Recently, two of my heroes died. Gerry Weissmann and Chuck Christian.

Gerry was a giant in American medicine, Dean of NYU (New York University) and internationally renowned as a polymath – an international expert on a wide variety of topics. I knew him well and was a huge admirer. Once, years ago, we were both speaking at an international rheumatology meeting in Rio. One evening we were guests at a speakers’ dinner, at a restaurant in the hills above Rio. Very exclusive with a bongo band playing.

Suddenly, there were several ‘bang bangs’ – gunshots. The bongo band dived under two tables. The rheumatology guest stayed put – amateurs! After a few minutes, the owner of the restaurant come in and apologised. “I’m sorry – we had a precautionary shooting!”

The other admired colleague in Prof Charles Christian – my boss during my two years in New York and my hero. The hospital for special surgery in New York is holding a memorial service in New York in October and I am planning to be there, even if it’s a 24-hour round trip on Norwegian Air! I’ll keep you posted in November!

Patient of the month : Blood tests

Mrs LL aged 51, like a number of our patients, had been diagnosed with Lupus some 30 years before. Clinically the Lupus was mild and mainly responsive to Plaquenil alone. But interestingly, her tests showed up a positive test for syphylis (a positive “W.R.”). [Medical students will know that the old test of syphilis – the ‘WR’ (Wasserman Reaction) could give ‘false positive’ results in some individuals – notably, we now know, in some individuals with Hughes Syndrome].

At the age of 20, she married. But, the dream of pregnancy became a nightmare. Firstly, she took more than two years to conceive, only to suffer a miscarriage.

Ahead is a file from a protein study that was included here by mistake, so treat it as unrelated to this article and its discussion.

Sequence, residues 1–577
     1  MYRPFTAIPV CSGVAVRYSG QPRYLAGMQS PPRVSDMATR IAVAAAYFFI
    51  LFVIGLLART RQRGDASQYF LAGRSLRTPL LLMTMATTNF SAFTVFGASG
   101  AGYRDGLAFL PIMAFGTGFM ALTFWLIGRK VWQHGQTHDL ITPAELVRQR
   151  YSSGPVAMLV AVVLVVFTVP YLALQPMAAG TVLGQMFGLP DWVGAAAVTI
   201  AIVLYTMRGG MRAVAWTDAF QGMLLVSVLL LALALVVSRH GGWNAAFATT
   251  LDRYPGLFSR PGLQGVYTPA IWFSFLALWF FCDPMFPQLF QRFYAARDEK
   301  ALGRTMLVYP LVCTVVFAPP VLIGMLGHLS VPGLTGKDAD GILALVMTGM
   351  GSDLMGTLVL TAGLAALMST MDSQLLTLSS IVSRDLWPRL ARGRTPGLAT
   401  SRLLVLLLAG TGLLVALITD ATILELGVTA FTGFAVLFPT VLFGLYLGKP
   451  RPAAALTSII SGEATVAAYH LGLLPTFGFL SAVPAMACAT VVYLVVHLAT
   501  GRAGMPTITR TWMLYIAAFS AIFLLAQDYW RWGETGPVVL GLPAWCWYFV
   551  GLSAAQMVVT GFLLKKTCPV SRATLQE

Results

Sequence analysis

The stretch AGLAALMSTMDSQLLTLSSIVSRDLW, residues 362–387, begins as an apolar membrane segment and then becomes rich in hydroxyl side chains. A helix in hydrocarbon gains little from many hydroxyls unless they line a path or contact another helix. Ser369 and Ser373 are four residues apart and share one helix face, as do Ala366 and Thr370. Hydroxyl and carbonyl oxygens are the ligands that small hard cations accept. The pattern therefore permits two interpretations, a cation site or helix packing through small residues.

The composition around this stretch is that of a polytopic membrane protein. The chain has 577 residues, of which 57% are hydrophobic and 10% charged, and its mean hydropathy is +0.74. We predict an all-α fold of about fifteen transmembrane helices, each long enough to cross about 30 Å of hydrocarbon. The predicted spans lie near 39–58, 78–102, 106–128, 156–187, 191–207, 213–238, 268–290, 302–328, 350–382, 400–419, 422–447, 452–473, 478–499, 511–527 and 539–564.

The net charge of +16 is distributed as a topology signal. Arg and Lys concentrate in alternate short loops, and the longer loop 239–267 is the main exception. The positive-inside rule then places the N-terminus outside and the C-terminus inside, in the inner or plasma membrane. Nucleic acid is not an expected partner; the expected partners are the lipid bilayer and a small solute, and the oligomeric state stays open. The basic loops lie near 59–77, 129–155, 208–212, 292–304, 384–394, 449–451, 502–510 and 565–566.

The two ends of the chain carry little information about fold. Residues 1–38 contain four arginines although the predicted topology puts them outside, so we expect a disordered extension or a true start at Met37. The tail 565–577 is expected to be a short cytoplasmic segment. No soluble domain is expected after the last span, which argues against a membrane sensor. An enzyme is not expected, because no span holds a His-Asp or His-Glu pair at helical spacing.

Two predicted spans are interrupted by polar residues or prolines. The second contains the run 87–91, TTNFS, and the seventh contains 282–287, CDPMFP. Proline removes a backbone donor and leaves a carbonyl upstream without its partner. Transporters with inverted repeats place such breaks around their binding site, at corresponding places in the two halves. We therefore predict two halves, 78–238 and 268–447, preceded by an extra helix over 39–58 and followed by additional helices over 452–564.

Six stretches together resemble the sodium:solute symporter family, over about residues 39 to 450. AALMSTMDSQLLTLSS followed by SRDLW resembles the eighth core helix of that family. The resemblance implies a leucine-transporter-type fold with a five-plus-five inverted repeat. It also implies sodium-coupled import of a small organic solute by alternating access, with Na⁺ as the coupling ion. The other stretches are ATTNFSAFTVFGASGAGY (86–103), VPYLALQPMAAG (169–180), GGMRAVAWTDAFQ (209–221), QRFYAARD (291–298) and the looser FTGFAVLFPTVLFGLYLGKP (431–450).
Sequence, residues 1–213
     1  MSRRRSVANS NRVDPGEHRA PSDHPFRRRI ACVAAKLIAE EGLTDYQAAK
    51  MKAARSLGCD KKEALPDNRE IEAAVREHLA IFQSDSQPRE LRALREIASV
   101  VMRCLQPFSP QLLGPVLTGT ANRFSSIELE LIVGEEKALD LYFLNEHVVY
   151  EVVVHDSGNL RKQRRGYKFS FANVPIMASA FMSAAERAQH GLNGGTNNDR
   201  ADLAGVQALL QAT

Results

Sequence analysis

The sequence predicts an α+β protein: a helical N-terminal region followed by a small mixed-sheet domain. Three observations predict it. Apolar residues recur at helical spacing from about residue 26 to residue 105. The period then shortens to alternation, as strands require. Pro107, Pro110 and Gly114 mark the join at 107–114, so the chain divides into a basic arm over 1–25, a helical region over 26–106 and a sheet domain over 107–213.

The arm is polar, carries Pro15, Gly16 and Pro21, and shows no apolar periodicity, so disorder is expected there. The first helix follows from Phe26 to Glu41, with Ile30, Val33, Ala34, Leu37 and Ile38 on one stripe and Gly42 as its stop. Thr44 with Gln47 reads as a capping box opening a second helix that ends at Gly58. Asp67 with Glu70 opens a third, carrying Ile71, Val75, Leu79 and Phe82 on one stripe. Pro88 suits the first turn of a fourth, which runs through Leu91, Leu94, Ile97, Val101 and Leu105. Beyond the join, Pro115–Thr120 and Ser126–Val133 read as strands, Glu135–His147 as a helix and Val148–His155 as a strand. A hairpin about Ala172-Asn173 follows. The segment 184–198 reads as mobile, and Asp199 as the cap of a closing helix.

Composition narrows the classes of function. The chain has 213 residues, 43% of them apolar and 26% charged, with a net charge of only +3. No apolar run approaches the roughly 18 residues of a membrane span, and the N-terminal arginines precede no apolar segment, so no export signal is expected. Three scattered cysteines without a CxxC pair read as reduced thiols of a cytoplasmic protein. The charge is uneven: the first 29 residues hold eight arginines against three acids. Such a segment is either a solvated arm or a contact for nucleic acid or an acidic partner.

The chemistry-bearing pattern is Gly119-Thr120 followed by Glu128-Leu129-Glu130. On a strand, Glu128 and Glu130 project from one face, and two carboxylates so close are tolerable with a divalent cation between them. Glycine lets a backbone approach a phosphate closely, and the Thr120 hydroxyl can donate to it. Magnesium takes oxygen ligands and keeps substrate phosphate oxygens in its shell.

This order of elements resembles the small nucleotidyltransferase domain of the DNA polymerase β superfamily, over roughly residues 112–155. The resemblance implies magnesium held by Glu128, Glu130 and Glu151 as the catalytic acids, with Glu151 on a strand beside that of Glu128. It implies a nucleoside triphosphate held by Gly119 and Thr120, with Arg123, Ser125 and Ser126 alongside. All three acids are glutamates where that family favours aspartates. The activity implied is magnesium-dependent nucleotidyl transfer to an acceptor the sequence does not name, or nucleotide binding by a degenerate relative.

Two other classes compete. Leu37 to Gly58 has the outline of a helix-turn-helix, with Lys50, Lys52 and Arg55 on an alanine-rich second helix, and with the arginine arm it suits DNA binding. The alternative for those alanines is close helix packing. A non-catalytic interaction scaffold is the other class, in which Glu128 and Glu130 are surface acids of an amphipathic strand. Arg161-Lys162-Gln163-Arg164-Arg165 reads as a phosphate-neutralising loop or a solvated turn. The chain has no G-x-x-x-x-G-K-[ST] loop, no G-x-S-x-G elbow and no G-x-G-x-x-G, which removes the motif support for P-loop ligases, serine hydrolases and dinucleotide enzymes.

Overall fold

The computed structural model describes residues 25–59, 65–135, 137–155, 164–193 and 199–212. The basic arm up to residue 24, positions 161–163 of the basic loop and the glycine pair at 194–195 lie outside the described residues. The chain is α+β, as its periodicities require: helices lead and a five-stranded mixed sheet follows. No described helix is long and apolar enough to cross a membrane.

Followed by another – and five more.

And to add to her very sad story, the seventh pregnancy ended in a late pregnancy loss – a stillbirth – to quote a leader in The Times, “one of the greatest tragedies known to mankind”.

Mrs LL and her husband decided on no more pregnancies. Mrs LL remained well for several years, the Lupus in remission. Then, following a long car journey to Scotland, she developed a leg DVT (deep vein thrombosis).

She was given the conventional 6 months’ Warfarin. However, noting her obstetric history, the registrar asked for test for ‘aPL’ – antiphospholipid antibodies.

The results came back positive: of the 3 conventional tests, 2 were positive –

Anticardiolipin (ACL) ‘strongly positive’

Lupus anticoagulant (LA) ‘positive’

Anti-Beta-2 GP1 ‘negative’

In summary, a healthy young woman with a terrible obstetric history, a recent DVT, and 2 out of 3 APL tests positive.

How would you treat that?

One of my concerns over the last 35 years since our description of the anti-phospholipid syndrome, has been the follow-up of young women with ‘obstetric APS’. A successful pregnancy on heparin and aspirin, say, but what of the future? A DVT? A stroke? Ongoing neurological problems including memory loss? Is there any way of forecasting the risk? To be fair, the combined experience of those working in this field have come out with some broad lessons. Will they hold true?

1. Venous thrombosis, e.g. DVT, may not require as aggressive anticoagulation as arterial.

2. A vein clot in which there may be a triggering event (e.g. a long car journey?) may also require a less aggressive approach.

3. Recent studies have suggested that to have all three APL tests positive (“triple positive”) forecasts a poorer outcome, as far as thrombosis risk is concerned.

How would Mrs LL future treatment hold out? At present, venous clot versus arterial; less aggressive maybe?

Only 2 of the 3 currently used tests positive? Statistics are one thing. Clinical practice is another.

I ask myself the question, who wants a stroke? Probably the lesser evil is the “take the medicine” – aspirin daily, or even perhaps one of the newer oral anticoagulants. But should ‘brain’ symptoms such as severe migraines or T.I.A.’s creep in, think Warfarin.

One last point. This young lady had a background history of Lupus. Although, clinically, the Lupus was in remission and the tests negative, another possible treatment choice might be to go back to Plaquenil (1 tablet of 200 mg a day).

As well as being a safe and effective treatment in Lupus, it also has some anti-clotting properties – hence is occasional use in Hughes Syndrome pregnancies.